LincolnFeature Film | Steven Spielberg By Marlee Walters
Lincoln in profile.
Daniel Day-Lewis' Lincoln is introduced first as a voice, speaking to two black Union soldiers. When we do see him, he is seated, hunched over. He jokes with them, before they move off to battle. Here Lincoln is a quiet man with a clumping walk: he allows other politicians to do the talking and huffing and puffing. The film opens in January 1865, Lincoln has just been re-elected for a second term, but not yet inaugurated, and he plans to push the thirteenth amendment, legally abolishing slavery, through the House of Representatives. He encounters resistance from his cabinet, led by Secretary of State Seward (played by David Strathairn), the Republican party, led by Tommy Lee Jones' Thaddeus Stevens, and the Democratic party, led by Representative Wood (Lee Pace). The dramatics of the representatives and the political palm-greasing stand in contrast to Lincoln's quietness, his honesty, and his concern for the people.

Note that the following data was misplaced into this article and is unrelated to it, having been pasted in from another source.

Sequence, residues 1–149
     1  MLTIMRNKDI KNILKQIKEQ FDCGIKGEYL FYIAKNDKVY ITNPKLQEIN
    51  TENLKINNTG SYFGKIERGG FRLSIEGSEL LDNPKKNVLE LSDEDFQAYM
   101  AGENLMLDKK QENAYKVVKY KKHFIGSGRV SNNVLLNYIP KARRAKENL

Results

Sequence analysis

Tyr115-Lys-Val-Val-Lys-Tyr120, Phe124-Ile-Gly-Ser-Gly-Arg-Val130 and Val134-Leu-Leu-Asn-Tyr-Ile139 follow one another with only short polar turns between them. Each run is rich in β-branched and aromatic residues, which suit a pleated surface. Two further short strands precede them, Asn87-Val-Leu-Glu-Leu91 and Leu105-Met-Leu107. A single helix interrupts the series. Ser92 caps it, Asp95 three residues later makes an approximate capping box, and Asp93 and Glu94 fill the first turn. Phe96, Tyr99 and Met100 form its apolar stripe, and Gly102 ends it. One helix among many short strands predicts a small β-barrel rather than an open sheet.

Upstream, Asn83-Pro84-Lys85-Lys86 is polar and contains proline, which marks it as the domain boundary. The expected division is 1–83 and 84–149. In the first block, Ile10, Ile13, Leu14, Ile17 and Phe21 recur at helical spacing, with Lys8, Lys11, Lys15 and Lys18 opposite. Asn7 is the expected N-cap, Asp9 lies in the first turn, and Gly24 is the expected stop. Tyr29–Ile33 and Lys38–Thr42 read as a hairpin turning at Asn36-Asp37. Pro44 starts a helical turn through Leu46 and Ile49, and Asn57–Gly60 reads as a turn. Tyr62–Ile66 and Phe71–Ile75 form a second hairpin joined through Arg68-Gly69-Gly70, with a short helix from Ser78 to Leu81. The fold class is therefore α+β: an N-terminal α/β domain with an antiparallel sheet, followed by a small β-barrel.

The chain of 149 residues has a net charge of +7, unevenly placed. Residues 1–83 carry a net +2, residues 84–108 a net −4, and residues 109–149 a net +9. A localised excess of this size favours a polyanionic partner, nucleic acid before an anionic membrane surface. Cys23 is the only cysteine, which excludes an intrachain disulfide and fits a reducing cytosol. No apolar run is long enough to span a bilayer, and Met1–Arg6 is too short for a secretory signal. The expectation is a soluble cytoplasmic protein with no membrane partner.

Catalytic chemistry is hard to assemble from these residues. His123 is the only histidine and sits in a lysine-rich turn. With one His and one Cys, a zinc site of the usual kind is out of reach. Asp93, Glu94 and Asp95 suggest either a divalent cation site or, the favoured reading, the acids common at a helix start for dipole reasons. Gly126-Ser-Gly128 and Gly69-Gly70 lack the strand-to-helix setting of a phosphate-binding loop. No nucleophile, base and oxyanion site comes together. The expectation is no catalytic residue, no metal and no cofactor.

Day-Lewis is famous for his Method acting, and here it does not fail him. The filmmakers, however, do not show him at his finest. Cinematographer Janusz Kaminski has been hugely successful with Spielberg, but here they both fall short. The stark Lincoln profile, seen on posters, is over-used. Day-Lewis gives so much to his portrayal, and it is lost as we see too much of the side of his face, shrouded in shadows. The cinematography is generic and uninteresting overall. Spielberg may be one of, or even the most, successful director in Hollywood, but Lincoln does not improve his track record of late.
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